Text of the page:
I earned a computer science degree from a decent university called MIT. And I am constantly frustrated when I try to use my programming skills and knowledge to make my everyday life easier. My life is full of scripting languages that promise easy automation, but disappoint me after painful hours of guessing and debugging.
Recently, I attended a conference workshop on a wonderful innovation from MIT in the 1980s, a learner-centered programming language called "Boxer." Boxer was designed to supersede the learner-centered programming language Logo, and distinctively was designed with understandability and learnability as top goals.
During the workshop, presenters reviewed the history and legacy of Boxer. Principles that make a programming language more learnable came were highlighted. For example, Boxer uses the metaphor of nested, on-screen boxes to organize data, code, graphics, and more. This is shown below in a graphics data box that contains two "sprite" objects, each with state variables. In addition, the first sprite contains custom code to change its shape from the default shape to a square.
The principle of naive realism appears, for example, in how variables are presented as named boxes that contain data. If a user directly edits the text in the box, the variable’s value changes. For example, changing x-pos to a different number moves the sprite visible in the graphics presentation box. Also, if the user executes a line of code that changes the variable’s value, the value displayed in the box changes. A user who executes "forward 30" to move a sprint forward by 30 pixels can see how this affects the xpos and ypos variables. Thus the learner can treat named boxes as if they really are the variables that explain the system.
The principle of spatial metaphor uses the containment of boxes within boxes to explain difficult-to-grasp programming concepts, like variable scoping. There can be two variables each named "xpos" on the same screen at one time without a problem, such as the presence of "xpos" in two different sprites. In another example, one "x" may be within the outermost box and thus serve as an "environment" variable; another "x" may be in an executable box and its "x" would be a "local" variable. In my experience, it is pretty easy to explain to a learner when each "x" is relevant by the simple rule "look for the variable first in the box you are in, and if you can’t find it there, look in the box that contains the box you are in." Spatial metaphor also organizes complex data and code. Boxes can be fully open or closed, and closing a box can hide the details within the box. Graphics data boxes in Boxer can be hidden when the user no longer wants to see how the code works, and instead want to focus on making an animation on the screen.
While listening to the wonderful presentations, it became clear to me where end-user scripting language have gone wrong. They all accept the same raison d’detre: human-friendly syntax. For example, on my MacOS computer, Apple has provided me with at least four scripting languages: AppleScript, Automator, Shortcuts and the shell. All of these have simplified syntax, but all are mind-bogglingly difficult to understand and debug—the human friendly code is easy on the eyes, but writing the code requires lots of guesswork because hidden programming concepts are not disclosed to the learner in a comprehensible manner. For example, AppleScript variables are often typed and often must be coerced to a different type to make code work, but there is no support in AppleScript to help me understand the types and the coercions; indeed, AppleScript often only reveals the value of variables, but not their types, leaving me to guess at what coercion might be required. I also experience purpose-built scripting language in home automation systems, such as systems that automate my home’s lights, music, and video. These work for me for the simplest of tasks (e.g., for demos of simple automation) but fall apart as soon as I want to attempt something realistically useful in my life.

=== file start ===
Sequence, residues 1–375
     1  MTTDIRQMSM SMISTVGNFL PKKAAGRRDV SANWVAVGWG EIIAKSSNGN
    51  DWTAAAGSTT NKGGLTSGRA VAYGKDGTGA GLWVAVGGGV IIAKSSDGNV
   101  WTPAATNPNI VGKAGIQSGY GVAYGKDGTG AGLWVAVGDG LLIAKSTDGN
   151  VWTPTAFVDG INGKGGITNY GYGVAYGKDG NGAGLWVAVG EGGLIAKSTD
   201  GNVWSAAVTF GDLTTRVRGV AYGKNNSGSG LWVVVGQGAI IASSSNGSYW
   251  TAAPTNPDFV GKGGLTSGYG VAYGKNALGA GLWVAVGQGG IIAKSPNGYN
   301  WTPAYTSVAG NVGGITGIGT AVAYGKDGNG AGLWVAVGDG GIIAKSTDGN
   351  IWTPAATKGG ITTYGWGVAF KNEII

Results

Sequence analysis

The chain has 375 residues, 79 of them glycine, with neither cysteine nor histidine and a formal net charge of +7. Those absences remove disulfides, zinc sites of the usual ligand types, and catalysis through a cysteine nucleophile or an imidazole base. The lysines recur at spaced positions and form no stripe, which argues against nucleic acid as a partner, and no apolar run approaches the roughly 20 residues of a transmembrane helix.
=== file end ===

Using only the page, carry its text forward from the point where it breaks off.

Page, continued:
What is needed now is on users as learners who construct understanding of their computational world as they interact with their computational environment and try to automate it. For example, the devices in my home are already spatially organized—into zones, rooms, and devices that contain named variables. Howewver, none of the the home automation scripting tools take advantage of this via a spatial metaphor; instead, I have to manage flat lists in awkward list-oriented user interfaces. Flat lists are also used for if-then rules, which makes it maddeningly complex to write useful code. Why not allow the user to use spatial containment to organize the rules within the home zones and rooms they will act upon? Why not support my learning process by supporting naive realism—for example, by letting me try out routines on a visual simulation of my rooms and devices?
We can do better. Let’s stop emphasizing simplified syntax as the most important thing for end-user programming and use principles for understandability and learnability, such as the principles found in Boxer.
Jeremy Roschelle is Executive Director of Learning Sciences Research at Digital Promise and a Fellow of the International Society of the Learning Sciences.
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